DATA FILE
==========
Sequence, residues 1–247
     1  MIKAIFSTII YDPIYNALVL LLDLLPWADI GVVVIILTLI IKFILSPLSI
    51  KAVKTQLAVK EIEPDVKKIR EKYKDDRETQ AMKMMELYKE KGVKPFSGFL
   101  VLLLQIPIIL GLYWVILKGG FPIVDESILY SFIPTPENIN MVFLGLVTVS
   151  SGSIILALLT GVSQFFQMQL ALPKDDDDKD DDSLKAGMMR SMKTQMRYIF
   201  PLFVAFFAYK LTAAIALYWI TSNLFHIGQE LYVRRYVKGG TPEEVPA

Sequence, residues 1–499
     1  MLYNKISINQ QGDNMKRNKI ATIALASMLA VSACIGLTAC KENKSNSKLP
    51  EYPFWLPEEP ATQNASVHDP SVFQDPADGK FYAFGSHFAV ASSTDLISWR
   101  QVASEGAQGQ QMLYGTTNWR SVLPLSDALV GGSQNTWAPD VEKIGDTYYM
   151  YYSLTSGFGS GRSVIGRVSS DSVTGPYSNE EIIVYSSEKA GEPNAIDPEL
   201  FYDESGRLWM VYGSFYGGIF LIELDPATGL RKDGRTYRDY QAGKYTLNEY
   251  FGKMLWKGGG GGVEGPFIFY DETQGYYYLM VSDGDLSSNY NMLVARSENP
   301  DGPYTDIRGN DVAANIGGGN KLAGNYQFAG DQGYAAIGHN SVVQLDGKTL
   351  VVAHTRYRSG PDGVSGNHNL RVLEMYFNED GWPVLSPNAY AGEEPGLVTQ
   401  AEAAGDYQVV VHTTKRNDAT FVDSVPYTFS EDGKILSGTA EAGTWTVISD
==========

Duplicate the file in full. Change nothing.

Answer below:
Sequence, residues 1–247
     1  MIKAIFSTII YDPIYNALVL LLDLLPWADI GVVVIILTLI IKFILSPLSI
    51  KAVKTQLAVK EIEPDVKKIR EKYKDDRETQ AMKMMELYKE KGVKPFSGFL
   101  VLLLQIPIIL GLYWVILKGG FPIVDESILY SFIPTPENIN MVFLGLVTVS
   151  SGSIILALLT GVSQFFQMQL ALPKDDDDKD DDSLKAGMMR SMKTQMRYIF
   201  PLFVAFFAYK LTAAIALYWI TSNLFHIGQE LYVRRYVKGG TPEEVPA

Sequence, residues 1–499
     1  MLYNKISINQ QGDNMKRNKI ATIALASMLA VSACIGLTAC KENKSNSKLP
    51  EYPFWLPEEP ATQNASVHDP SVFQDPADGK FYAFGSHFAV ASSTDLISWR
   101  QVASEGAQGQ QMLYGTTNWR SVLPLSDALV GGSQNTWAPD VEKIGDTYYM
   151  YYSLTSGFGS GRSVIGRVSS DSVTGPYSNE EIIVYSSEKA GEPNAIDPEL
   201  FYDESGRLWM VYGSFYGGIF LIELDPATGL RKDGRTYRDY QAGKYTLNEY
   251  FGKMLWKGGG GGVEGPFIFY DETQGYYYLM VSDGDLSSNY NMLVARSENP
   301  DGPYTDIRGN DVAANIGGGN KLAGNYQFAG DQGYAAIGHN SVVQLDGKTL
   351  VVAHTRYRSG PDGVSGNHNL RVLEMYFNED GWPVLSPNAY AGEEPGLVTQ
   401  AEAAGDYQVV VHTTKRNDAT FVDSVPYTFS EDGKILSGTA EAGTWTVISD